By CBSLA Staff

LOS ANGELES (CBSLA) — Reparations should be paid to more than 240 survivors of forced sterilizations performed at County-USC Medical Center between 1968 and 1974, a motion approved Tuesday by the Los Angeles County Board of Supervisors declared.

The motion urges state leaders to fund the reparations, but also explores the county’s ability to do so if the state does not expand its plans to pay reparations to victims of sterilizations that occurred outside of state facilities.

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“While no amount of money ever fully be enough to account for the terrible experiences these women endured through the sterilization program, at the very least we can try to provide financial reparation that can help these survivors ease any financial burdens they may be experiencing,” Supervisor Hilda Solis said in a statement.

California instituted a “horrific forced” sterilization program in 1909, victimizing more than 20,000 people before the law was repealed in 1979, the motion said. It was used by proponents of the eugenics movement as a way to prevent people with mental illness, disabilities from passing on their genes, but immigrants, people of color, and the poor were also targeted. A disproportionate number of people who were sterilized were Latina women, who were 59% more likely to be sterilized than non-Latinos.

(credit: LA County Supervisor Hilda Solis)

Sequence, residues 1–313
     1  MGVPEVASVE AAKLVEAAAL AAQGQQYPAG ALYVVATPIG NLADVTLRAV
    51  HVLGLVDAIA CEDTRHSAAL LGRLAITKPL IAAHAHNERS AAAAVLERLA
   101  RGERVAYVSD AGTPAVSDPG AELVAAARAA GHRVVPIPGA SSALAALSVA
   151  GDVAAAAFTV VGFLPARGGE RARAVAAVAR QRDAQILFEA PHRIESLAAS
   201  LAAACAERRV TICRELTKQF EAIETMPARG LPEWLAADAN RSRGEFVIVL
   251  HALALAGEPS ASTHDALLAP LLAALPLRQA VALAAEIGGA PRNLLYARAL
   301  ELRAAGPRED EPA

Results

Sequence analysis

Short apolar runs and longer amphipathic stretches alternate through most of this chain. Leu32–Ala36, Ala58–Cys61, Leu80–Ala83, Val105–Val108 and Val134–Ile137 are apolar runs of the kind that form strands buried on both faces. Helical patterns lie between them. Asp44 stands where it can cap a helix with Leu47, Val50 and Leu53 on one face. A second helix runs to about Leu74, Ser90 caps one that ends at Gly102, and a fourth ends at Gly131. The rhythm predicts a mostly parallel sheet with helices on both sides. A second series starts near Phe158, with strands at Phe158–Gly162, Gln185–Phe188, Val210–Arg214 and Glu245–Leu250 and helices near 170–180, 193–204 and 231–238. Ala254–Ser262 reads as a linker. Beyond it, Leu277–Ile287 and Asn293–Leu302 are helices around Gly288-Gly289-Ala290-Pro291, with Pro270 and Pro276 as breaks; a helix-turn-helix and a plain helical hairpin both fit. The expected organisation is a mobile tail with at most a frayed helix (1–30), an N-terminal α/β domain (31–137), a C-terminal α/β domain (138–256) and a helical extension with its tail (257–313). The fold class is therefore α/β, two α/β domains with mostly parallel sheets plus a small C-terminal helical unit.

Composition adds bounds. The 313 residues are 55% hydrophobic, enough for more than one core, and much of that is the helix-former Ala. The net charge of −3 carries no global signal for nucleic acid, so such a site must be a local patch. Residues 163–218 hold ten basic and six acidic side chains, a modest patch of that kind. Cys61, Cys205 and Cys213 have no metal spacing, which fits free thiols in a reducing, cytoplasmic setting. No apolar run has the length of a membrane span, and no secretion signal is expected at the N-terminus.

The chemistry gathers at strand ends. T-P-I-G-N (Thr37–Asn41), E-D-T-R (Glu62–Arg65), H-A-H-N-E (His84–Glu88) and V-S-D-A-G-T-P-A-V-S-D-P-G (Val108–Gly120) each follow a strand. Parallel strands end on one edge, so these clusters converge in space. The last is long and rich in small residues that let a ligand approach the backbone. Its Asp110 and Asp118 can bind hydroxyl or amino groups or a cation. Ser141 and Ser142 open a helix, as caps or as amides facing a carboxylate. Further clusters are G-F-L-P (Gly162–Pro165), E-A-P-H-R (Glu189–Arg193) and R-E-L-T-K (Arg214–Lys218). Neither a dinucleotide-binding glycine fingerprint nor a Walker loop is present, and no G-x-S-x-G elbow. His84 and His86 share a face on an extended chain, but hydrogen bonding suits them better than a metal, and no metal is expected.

Despite the law’s repeal in 1979, sterilizations were identified in California prisons as recently as 1999, and an investigative audit found 144 women were sterilized between 2005 and 2013, according to the motion. Solis’ motion said 240 women were “coerced” into receiving postpartum tubal ligations between 1968 and 1974 at County-USC Medical Center. Gov. Brown signed into a law an official prohibition on the practice in 2014 after it was found female inmates were still being forcibly sterilized as recently as 2010.

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The state has already budgeted $7.5 million to issue $25,000 in payments to the survivors of forced sterilizations, but it does not include funding for survivors from facilities operated by local governments.

“Any intentional efforts to address systemic racism and build more equitable approaches into county services moving forward must confront the most egregious sins of the past,” the motion said.

Los Angeles County’s Board of Supervisors issued an official apology to these women in 2018.

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“More must be done to provide corrective responses to these women,” the motion said.